Photo of the day:
Prime Minister John Key at Kilt clothing in Napier.
Captions are welcome – wit is encouraged, abuse is not.
Photo of the day:
Prime Minister John Key at Kilt clothing in Napier.
Captions are welcome – wit is encouraged, abuse is not.
Prime Minister John Key says Easter trading laws aren’t working well and need to be changed.
He’s right on both counts, the law is an unholy mess.
Anyone can trade in Queenstown and Taupo but only some can in neighbouring Wanaka and Rotorua.
Outside the designated tourist areas a petrol station or dairy can sell magazines and milk but a book shop and supermarket can’t.
We were in Wanaka at the weekend, the town was full and almost all shops were open every day.
The Ministry of Business, Innovation and Employment (MBIE) has released a statement saying it doesn’t discuss its enforcement approach with external parties and that it takes a reactive approach to trading laws, only investigating when complaints are made.
As of 1pm today, MBIE had received 18 complaints, most of them in the North Island, but one from Wanaka. . . .
At least we now don’t have the ridiculous situation of MBIE staff working to police those who shouldn’t be working, but having some busy-bodies reporting businesses doing what they shouldn’t in one place when they could in another isn’t much better.
Waitaki MP Jacqui Dean has been trying to get some sense into the situation but it’s a conscience vote and with the left block voting the union way she hasn’t been able to get the numbers.
But one of the guests on RadioNZ’s panel last week came up with a compromise that might work – treat Good Friday and Easter Sunday like Anzac Day – have all businesses close in the morning but able to open in the afternoon.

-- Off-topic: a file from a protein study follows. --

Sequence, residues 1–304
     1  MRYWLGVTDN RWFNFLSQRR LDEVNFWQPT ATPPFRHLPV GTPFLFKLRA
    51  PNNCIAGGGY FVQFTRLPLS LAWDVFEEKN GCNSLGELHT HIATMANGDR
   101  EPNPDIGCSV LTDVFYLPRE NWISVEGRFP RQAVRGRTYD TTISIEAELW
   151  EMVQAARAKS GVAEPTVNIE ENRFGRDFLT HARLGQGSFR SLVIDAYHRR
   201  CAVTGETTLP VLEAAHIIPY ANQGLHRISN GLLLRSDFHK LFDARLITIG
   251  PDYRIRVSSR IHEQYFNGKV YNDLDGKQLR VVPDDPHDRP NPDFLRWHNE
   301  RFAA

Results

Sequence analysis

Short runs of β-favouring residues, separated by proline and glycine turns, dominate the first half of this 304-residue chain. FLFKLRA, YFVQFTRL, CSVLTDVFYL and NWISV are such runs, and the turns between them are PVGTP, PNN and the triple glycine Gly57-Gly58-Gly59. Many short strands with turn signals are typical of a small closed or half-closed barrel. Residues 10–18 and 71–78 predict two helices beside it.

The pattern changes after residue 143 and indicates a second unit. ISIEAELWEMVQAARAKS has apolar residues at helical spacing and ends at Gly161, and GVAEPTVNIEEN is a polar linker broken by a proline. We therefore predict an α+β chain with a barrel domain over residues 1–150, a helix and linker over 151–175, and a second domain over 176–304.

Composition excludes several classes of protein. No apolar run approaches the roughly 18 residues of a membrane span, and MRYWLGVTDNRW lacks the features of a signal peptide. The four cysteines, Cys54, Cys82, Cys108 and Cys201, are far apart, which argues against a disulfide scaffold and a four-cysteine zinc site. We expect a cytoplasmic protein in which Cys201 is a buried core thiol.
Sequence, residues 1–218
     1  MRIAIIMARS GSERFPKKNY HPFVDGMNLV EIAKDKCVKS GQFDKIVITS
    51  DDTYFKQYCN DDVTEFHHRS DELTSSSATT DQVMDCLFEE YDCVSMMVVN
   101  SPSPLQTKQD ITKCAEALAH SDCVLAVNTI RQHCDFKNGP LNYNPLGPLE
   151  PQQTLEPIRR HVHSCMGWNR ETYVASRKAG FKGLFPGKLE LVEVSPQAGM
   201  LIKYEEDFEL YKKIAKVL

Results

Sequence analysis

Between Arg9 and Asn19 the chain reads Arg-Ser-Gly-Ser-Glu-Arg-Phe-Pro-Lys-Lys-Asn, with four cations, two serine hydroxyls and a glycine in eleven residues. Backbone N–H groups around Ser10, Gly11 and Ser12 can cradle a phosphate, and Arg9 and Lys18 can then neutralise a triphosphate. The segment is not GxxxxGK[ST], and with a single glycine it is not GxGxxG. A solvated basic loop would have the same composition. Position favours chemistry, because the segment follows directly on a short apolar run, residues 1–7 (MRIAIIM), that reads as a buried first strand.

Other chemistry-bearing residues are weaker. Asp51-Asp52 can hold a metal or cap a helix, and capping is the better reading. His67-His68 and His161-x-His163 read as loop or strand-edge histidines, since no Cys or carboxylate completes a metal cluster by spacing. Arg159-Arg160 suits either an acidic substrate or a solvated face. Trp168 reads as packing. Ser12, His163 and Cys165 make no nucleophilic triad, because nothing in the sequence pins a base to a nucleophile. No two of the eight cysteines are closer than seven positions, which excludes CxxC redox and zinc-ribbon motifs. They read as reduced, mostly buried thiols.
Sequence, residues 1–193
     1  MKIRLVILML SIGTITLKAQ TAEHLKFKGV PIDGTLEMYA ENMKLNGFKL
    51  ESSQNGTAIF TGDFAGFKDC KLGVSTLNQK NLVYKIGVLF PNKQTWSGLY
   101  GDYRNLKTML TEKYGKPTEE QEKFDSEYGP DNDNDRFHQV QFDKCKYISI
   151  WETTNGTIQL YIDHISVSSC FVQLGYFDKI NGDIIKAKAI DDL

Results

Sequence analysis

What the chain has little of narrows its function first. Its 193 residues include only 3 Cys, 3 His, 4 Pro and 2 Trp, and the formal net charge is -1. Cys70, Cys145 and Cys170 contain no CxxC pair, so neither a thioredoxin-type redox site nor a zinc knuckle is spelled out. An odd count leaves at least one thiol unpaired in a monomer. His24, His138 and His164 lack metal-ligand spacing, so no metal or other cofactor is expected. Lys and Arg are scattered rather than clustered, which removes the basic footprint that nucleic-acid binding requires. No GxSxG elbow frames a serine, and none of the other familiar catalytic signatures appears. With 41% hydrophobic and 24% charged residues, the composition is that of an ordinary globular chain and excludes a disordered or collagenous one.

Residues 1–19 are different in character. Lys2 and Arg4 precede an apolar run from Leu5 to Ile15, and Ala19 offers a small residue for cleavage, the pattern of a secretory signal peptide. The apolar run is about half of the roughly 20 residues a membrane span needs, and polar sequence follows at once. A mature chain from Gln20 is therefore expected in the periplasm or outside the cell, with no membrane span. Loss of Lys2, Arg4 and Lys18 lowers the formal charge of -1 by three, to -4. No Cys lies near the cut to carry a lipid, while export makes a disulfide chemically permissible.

This would be a compromise which won’t please everyone, but it would be better than the unholy mess we have now.
Campbell Live wanted to do a series on party leaders at home.
It is the sort of publicity politicians can’t buy and an opportunity to show voters the people behind the politics.
John Key was first up last week.
Peter Dunne and Winston Peters declined to take part.
David Cunliffe was scheduled for Monday evening this week but he pulled out.
. . . Mr Cunliffe has also cancelled an invitation for a second time to have television cameras in his home for an election year leaders series. Mr Parker says Mr Cunliffe has a young family and a right to privacy. . .
His family does have a right to privacy but if last week’s session at home with the Keys was anything to go by, there would have been no need for the family to be involved.
It is much more likely he doesn’t want people to see he doesn’t live in a modest house, in a modest suburb.
The family was a silly excuse and his decision an error of judgement similar to turning down the invitation for a weekly interview on the Farming Show.
It has been compounded by his not turning up in parliament at Question Time, choosing to address some business leaders instead.
We’re not hearing him on the Farming Show, we’re not see him on TV and we’re not seeing him in the House yet only last week he was complaining because he wasn’t going to be seen enough with the Royals.
Does he want to be seen and heard or doesn’t he?
Labour leader David Cunliffe has been struggling to be heard above the noise of the Dotcomana dalliance but finally he’s got some attention:
Labour leader David Cunliffe has taken a swipe at John Key over the royal visit, suggesting the prime minister is milking the extra “facetime” with Prince William and his wife, compared with his own limited meetings.
He also described a possible visit to the White House as “pre-election PR from the prime minister ” who was “stage managing the calendar of the year as it suits him”.